Culinary experiences across campus teach culture, bring students together

December 10, 2018 — by Anna Novoselov and Phoebe Wang

Students in nearby classrooms are justified in feeling a bit envious as delicious aromas waft out of room 408 while French students enthusiastically flip crepes on a dome shaped pan. Toppings such as strawberries, whipped cream and Nutella line a table in the back of the classroom and students talk, watch a movie or play games while enjoying their food.

“It’s a way to have a little French culture and at the same time, get a little break from the regular grind,” French teacher Elaine Haggerty said. “Students love it.”

Food is a way for students to connect, bond and learn about culture. In foreign language classes, students learn about the culinary traditions of various countries where that language is spoken.

When Haggerty started teaching at the school, she found three crepe makers in her classroom cupboard. Students told her that a previous French teacher had crepe parties, so Haggerty decided to continue the tradition.

The class usually makes crepes once per semester: once in November to celebrate All Saints Day and once in May to celebrate Mardi Gras.

“I’m lucky because it fits my curriculum,” Haggerty said. “One of the things we’re supposed to teach is French culture and one of the things they do in France is eat crepes. So it’s easy for us to do something like that.”

Junior Neda Riaziat said that students contribute to parties by volunteering to bring ingredients and utensils.

The joint effort and delicious reward strengthen the camaraderie among students.

“Since there are not a lot of people taking French, the people in each level tend to stay together for all four years,” she said. “This is another way to get us all close to each other and it brings the French culture into the classroom. It’s just really fun.”

In addition to crepes in French, the Spanish program and the Chinese program have also incorporated culinary culture into their lesson plans to expose students to more unique international flavors.

In the Spanish program, students participate in sugar skull decoration for the Hispanic holiday of the Day of the Dead, which is celebrated from Oct. 31-Nov. 2. According to AP Spanish teacher Arnaldo Rodriguex, the sugar skulls, a tradition mainly from Mexico, represent death and are part of the celebration of dead loved ones and ancestors.

Rodriguex said that including this activity in addition to class discussions further explains the significance of the skulls and really helps “give a panorama of how important it is in Mexico.”

Junior Michael Tang, a student in AP Spanish Language, said that doing these kinds of activities “really contributes to the idea of having cultural experiences as being part of the curriculum.”

According to Tang, food is an integral part of understanding Spanish culture and it helps convey parts of the Spanish culture that simply can’t be learned from a textbook.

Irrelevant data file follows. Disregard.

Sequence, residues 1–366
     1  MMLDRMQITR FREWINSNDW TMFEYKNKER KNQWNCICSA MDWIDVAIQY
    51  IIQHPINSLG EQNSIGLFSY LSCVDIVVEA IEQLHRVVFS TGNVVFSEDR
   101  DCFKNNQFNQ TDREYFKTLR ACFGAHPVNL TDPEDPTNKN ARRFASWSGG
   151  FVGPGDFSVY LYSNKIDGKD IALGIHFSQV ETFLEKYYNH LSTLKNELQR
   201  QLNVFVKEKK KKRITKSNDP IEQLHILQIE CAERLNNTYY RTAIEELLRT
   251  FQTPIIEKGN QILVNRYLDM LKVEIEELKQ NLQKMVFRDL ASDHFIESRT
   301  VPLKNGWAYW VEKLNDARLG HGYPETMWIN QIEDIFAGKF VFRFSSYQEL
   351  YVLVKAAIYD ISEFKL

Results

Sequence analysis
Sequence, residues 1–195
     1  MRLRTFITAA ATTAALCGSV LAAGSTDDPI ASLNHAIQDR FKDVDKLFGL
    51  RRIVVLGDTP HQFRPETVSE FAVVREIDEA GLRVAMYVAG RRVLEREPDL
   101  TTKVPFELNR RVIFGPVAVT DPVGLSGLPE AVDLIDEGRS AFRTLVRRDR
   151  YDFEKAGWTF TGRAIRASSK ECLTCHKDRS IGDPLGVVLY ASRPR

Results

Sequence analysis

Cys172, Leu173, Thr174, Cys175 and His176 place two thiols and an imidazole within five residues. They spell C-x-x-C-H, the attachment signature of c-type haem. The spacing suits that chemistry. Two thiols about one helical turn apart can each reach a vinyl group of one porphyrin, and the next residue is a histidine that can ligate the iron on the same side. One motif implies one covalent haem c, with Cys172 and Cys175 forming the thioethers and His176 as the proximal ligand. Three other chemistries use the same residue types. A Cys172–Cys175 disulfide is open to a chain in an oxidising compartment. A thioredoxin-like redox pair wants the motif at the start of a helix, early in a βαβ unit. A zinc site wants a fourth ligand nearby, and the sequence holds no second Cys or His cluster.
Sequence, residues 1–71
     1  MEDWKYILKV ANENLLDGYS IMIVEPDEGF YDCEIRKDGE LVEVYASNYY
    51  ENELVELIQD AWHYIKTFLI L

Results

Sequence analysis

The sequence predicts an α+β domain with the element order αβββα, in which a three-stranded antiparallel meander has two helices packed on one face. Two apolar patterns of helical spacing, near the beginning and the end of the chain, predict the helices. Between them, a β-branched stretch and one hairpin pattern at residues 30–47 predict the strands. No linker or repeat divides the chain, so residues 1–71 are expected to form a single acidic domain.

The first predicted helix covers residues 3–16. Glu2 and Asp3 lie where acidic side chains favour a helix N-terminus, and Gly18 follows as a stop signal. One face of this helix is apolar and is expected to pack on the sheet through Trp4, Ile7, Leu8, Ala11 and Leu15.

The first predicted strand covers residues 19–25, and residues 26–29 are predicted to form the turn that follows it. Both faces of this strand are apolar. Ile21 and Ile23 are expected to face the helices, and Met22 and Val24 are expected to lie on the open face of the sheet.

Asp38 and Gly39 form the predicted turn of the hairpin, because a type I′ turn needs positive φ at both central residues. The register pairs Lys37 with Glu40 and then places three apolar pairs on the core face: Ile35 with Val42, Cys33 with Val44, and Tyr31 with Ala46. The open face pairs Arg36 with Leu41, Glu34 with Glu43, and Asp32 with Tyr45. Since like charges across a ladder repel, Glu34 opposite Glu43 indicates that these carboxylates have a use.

“There is a spectrum of how much of the Spanish culture we have to be exposed to and I think that without these kinds of activities the coverage would be much more limited,” Tang said. “Being in a Spanish class at a higher level is more than just learning a language.”

The Chinese program also includes traditional food as part of the learning experience. According to senior Mackenzie Lee, an AP Chinese student, students bring in moon cakes for the Mid-Autumn Festival and discuss their historical and cultural significance as well as how to make them. In addition, Lee said that students also learn about the eight types of traditional Chinese food styles found across China.

This culinary experience isn’t limited to just language classes. Students with a passion for cooking and bonding over their love for food have the option of joining Culinary Club, which meets in English teacher Suzanne Herzman’s room during lunch every other Monday.

The club’s president, senior Sally Lee, said she joined it during her sophomore year because she was interested in cooking and had many friends who were dedicated to the club. The following year, she applied to be an officer because she wanted to share her passion with others.

“One of the reasons why I wanted to become an officer was to encourage a passion for food, and I wanted to achieve this while still maintaining a fun and relaxing atmosphere,” Lee said. “I also wanted this club to be a place where we can step back from academics and relieve our stress.”

Because the club does not have access to cooking facilities and equipment, officers are unable to organize cooking lessons and live demonstrations. However, members often bring in a premade dish to share with other students and use slideshow presentations to teach tips and recipes.

Lee said that the officers hope to start a potluck tradition and encourage more members to bring in dishes by sharing recipes and ideas during the prior meeting. The potlucks would fall around holidays such as Thanksgiving or Christmas and have themes such as cookie decorating or pasta day.

“We hope that in making these changes, people will be more willing to recreate the food at home and bring it in to share,” Lee said. “We hope the themes will create festivity to encourage people to participate.”